VOA tried to contact M23 for its reaction to the allegations but it spokesmen were not immediately available.
 
In the past few days M23 spokesmen have been saying the movement won’t evacuate Goma until the government agrees to enter negotiations.
 
Government spokesman Mende said the government had agreed to listen to the movement and to re-evaluate a previous agreement which it signed with armed groups, including the M23’s leaders, in 2009.
 
But the M23 has to get out of Goma before that re-evaluation can start, he said.

 

You May Like

Obama: Alaskans Feel Signs of Climate Change

They're seeing bigger storm surges as sea ice melts, more wildfires, erosion of glaciers, shorelines More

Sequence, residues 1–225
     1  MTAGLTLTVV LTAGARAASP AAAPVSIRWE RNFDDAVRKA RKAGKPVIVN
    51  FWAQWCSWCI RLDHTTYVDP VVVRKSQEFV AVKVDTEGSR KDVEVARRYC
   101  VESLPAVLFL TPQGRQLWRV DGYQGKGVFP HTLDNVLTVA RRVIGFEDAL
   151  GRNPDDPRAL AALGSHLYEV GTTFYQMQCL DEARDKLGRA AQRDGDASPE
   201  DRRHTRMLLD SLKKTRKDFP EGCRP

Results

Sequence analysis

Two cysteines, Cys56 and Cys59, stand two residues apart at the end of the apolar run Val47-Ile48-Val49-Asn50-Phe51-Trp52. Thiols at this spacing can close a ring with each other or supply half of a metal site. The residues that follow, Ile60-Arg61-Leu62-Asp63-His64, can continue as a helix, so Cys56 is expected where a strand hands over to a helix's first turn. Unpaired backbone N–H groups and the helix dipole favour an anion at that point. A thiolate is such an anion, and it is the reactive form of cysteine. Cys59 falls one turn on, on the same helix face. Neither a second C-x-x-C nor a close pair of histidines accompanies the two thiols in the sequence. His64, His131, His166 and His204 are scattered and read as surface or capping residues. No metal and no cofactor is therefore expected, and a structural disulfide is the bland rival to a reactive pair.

1855 Slave Brochure Starkly Details Sale of Black Americans

Document lists entire families that were up for sale in New Orleans, offering graphic insight into the slavery trade More

Katrina Brought Enduring Changes to New Orleans

The city’s recovery is the result of the people and culture the city is famous for, as well as newcomers and start-up industries More

This forum has been closed.
Comment Sorting
Comments
     
by: David from: Washington DC
November 28, 2012 4:13 PM
As soon as DRC Army or UN don't use force to bring M23 out, they will never leave Goma. This is not the first time, they occupy Goma. Over 14 women were raped during this occupation, this is a humiliation that Congolese will never forget. M23 vandalize too many things which they will never pay??
In Response

by: sylie from: goma
November 29, 2012 2:21 AM
why are lieng to this troop m23 ?they never rape anyone in the eastern of DRCmcan you rape your sister or your brother?i can tel you that the m23 are our brother and they cant do that.i will advice you to stop judging people py your feelings and go and talk to your brother kabila who sold the contry since 2008 for his personnel profit